Namibia's public enterprises asset value at N$119 billion

Namibia's 81 public enterprises have an asset value of N$119 billion and liabilities amounting to N$60 billion, giving a net portfolio value of N$50 billion, an official has said.

Minister of Finance and Public Enterprises Iipumbu Shiimi said the entities have an employment base of 25,000, inclusive of commercial and non-commercial ones.

"Public enterprises constitute a key part of our national life and our national assets. They are central to our developmental and economic agenda. Hence, reform of public enterprises is part of a broader agenda of transformation in our country," he said.

He made these remarks at the launch of the first regional consultations on the Ownership Policy of Public Enterprises in Windhoek. The launch is being done in partnership with the Deutsche Gesellschaft für Internationale Zusammenarbeit (GIZ).

"Taking into consideration the recommendations by the High-Level Panel on the Namibian Economy (HLPNE) as adopted by Cabinet, it is more than critical to expedite the implementation of this Policy,” he said.

“It’s known the performance of a number of our public enterprises is mediocre; service delivery is ineffective and that affects our national competitiveness negatively whilst being an enormous drain on the Fiscus at a time when the country is experiencing economic difficulties.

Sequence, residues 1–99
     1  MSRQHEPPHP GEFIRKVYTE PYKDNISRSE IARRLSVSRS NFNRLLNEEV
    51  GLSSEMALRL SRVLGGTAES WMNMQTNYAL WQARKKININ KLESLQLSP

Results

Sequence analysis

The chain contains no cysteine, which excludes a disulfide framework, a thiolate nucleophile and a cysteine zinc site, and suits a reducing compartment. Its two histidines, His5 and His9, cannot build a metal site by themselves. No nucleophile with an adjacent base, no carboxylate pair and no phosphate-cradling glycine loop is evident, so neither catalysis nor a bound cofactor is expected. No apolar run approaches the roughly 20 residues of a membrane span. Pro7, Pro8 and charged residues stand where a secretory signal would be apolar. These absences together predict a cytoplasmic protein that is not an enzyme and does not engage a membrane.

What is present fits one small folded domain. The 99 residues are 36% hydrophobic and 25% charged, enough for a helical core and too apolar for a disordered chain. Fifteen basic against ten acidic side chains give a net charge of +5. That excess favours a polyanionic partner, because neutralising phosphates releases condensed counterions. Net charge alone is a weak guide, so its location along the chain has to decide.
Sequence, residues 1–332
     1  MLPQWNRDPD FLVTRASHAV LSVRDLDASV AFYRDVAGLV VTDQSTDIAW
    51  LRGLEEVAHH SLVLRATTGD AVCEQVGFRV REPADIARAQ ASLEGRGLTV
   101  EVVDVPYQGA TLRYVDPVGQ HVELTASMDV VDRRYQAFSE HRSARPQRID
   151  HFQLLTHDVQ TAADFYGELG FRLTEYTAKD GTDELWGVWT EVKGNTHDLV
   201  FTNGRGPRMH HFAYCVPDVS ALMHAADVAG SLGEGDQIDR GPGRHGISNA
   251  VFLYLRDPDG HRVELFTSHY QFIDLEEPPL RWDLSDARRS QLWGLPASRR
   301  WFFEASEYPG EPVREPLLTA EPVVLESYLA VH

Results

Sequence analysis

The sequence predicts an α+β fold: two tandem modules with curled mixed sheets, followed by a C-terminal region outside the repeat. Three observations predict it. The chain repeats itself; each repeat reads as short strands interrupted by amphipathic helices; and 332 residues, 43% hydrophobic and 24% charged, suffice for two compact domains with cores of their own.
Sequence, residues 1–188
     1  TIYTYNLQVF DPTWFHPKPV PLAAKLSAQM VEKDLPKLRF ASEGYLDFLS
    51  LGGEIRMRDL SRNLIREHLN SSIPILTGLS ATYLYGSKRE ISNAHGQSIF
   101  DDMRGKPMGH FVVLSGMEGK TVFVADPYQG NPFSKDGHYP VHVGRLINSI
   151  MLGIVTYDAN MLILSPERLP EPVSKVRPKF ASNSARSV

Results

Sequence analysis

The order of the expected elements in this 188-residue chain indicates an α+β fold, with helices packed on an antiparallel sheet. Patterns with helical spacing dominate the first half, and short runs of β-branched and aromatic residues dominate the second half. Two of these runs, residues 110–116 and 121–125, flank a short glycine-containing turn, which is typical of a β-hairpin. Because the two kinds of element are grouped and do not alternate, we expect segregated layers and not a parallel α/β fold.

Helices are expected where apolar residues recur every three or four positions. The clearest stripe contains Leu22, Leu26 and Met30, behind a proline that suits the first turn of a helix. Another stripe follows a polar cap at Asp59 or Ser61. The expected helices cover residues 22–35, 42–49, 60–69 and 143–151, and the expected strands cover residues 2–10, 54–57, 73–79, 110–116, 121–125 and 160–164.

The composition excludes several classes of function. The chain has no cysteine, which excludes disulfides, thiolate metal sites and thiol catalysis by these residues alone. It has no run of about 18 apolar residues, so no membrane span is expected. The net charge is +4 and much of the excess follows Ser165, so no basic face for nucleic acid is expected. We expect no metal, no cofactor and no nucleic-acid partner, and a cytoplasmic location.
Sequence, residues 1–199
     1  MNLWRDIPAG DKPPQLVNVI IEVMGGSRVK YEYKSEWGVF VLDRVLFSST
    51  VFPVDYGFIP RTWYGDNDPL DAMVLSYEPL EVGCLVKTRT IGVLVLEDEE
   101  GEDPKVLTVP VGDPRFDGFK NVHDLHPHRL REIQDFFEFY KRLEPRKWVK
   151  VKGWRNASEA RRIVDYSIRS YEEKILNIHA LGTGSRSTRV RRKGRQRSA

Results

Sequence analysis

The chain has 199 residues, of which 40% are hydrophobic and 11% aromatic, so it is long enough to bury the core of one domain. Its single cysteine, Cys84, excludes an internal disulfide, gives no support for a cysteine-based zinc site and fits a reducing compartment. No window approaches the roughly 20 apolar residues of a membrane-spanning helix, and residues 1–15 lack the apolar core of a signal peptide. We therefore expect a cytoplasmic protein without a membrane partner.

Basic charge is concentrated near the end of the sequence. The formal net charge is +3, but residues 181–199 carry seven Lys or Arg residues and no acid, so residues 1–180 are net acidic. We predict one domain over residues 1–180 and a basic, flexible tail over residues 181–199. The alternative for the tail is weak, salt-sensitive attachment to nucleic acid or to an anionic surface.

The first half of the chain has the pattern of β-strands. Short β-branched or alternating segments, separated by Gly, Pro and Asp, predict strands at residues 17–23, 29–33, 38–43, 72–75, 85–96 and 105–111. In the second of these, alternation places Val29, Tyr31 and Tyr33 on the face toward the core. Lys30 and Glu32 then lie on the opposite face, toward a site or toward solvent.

"Consequently, the Ministry of Finance and Public Enterprises, in executing its vision to position public enterprises as key contributors towards sustainable development of Namibia, developed the PEOP as part of its transformation agenda," he added. 

Shiimi said the purpose of state ownership of public enterprises is to maximise value for society through an efficient allocation of resources.

He noted that the policy provides the general public and private sector with a clear understanding of the State’s overall objectives and priorities as a shareholder of public enterprises.

"The ownership policy aims to clarify the role of the State and professionalise its role as a shareholder. There is a need for public enterprises to be effective and efficient. Thus, control and ownership of these public enterprises must be regulated, guided, and implemented to the fullest extent within the rule of law and policy," the Minister explained.

"It is further intended to provide clarity on why, when, and how the State should own public enterprises and to further outline measures to ensure sound financial management and sustainability, including measures to curtail any forms of corruption and other irregularities. In addition, the policy seeks to outline the roles and responsibilities of the board of directors and management."

Shiimi said it is therefore necessary to conduct extensive consultations with stakeholders for an inclusive reform using evidence.

He also said the policy is not permanent in its current form, but dynamic and needs to be revised every three years to respond to Namibian circumstances while drawing from best practices.

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Last modified on Tuesday, 31 October 2023 18:16

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